This grip is suitable for golfers who do not put so much power behind the ball, e.g. B. especially young players. Players who use a different grip on the fairway sometimes use the baseball grip in the high rough, as the power transmission works particularly well with this grip variant. 

Otherwise, average adult players are not advised to use the baseball grip, since the right hand will become too dominant.

2. Interlocking handle grip

Interlocking golf grip “Interlocking” means something like interlocking or nesting. Correspondingly, with the interlocking grip, the little finger of the right hand is interlaced with the index and middle finger of the left hand.

Who is this golf grip for?

In general, the interlocking grip is recommended for golfers who tend to have smaller hands and can access it with less force. However, you can see the handle every now and then on the professionals, for example at Tiger Woods.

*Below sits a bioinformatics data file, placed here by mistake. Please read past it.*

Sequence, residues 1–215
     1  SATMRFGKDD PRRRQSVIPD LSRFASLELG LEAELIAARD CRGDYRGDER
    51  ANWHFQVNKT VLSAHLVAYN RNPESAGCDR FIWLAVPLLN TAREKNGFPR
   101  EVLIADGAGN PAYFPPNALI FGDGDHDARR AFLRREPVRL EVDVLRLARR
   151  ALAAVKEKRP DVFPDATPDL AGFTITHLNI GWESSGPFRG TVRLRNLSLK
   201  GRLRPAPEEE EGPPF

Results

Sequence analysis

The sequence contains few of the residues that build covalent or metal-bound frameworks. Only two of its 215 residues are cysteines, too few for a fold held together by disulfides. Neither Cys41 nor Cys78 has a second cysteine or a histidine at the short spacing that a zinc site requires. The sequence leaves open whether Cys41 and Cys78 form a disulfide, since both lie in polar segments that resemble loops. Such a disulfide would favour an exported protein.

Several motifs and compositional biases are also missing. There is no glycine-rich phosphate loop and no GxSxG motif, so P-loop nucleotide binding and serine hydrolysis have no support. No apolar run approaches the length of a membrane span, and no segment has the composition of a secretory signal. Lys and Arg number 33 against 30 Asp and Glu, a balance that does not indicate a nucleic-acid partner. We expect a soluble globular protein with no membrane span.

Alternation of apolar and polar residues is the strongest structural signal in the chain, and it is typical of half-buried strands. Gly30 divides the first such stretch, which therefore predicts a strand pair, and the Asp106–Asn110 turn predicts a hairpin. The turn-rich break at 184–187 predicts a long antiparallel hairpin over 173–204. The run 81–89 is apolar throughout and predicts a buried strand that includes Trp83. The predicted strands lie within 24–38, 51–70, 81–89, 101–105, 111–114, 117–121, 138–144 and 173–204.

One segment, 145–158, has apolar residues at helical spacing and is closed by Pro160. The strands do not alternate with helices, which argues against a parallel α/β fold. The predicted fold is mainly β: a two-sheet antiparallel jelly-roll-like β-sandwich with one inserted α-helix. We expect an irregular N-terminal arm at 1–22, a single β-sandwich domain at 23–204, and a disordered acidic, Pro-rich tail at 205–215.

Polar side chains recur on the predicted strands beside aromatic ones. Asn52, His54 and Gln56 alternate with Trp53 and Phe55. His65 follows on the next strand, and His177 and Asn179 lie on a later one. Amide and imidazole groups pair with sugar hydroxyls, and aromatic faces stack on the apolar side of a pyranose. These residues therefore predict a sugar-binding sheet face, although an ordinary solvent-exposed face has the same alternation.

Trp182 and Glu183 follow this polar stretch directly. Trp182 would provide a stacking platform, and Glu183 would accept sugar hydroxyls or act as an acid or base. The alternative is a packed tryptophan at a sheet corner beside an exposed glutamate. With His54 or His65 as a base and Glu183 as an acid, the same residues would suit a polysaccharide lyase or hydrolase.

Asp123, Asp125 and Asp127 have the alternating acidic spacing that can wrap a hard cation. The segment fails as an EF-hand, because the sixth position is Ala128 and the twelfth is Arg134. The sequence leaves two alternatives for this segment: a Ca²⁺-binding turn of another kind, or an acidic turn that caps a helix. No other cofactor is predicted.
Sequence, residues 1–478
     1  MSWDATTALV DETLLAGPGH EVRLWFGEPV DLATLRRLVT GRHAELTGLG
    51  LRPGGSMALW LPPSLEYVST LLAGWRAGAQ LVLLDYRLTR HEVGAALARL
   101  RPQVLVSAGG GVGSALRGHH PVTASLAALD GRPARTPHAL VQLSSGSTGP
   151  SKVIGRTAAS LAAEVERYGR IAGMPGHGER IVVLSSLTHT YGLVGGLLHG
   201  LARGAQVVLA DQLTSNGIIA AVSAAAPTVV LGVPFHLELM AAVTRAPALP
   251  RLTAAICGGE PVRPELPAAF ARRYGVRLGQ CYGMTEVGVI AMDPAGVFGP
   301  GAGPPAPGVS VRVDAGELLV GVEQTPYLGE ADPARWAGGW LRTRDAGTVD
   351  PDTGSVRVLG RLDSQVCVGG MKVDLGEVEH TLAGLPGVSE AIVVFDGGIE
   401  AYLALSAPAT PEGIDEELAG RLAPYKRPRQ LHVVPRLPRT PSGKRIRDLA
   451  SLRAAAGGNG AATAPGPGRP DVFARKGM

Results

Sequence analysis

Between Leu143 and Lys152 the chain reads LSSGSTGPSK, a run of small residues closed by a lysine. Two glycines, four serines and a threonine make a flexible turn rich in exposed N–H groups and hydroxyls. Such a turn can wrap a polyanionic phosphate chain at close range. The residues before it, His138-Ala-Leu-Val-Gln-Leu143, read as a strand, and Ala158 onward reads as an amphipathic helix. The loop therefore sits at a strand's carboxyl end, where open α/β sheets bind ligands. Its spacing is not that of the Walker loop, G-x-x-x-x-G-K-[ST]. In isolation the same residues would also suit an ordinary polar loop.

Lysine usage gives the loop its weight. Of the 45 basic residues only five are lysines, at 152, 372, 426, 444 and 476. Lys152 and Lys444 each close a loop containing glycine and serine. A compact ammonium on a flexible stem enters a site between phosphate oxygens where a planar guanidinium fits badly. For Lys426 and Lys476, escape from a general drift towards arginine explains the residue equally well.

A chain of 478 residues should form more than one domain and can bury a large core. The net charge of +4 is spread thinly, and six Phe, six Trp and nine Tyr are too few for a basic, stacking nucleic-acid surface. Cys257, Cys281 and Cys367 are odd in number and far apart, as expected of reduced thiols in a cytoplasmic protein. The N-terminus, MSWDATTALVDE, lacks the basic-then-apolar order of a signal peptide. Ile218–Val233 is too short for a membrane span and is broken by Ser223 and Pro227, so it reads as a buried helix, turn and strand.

There are some golf instructors who teach this grip to students with average-sized hands.

3. Overlapping handle grip

The overlapping grip is perhaps the most popular. The little finger of the right hand is placed in the notch between the index finger and middle finger of the left hand (not crossed, as with the interlocking grip).

Who is this golf grip for?

Many golfers find the overlapping grip particularly pleasant. Especially players with longer fingers get along better with the overlapping grip than with the interlocking handle.

Which grip is the best one?

You have to find out for yourself which golf grip is best for which golfer. There is no such thing as the right golf grip. A few practice strokes on the driving range will bring clarity.

How to improve your golf grip

  • Apply constant pressure to the club: This point is particularly crucial. Many amateur golfers tend to loosen their hands after the shot, which often leads to inaccuracy and loss of strength. Applying constant pressure to the club ensures that this does not happen.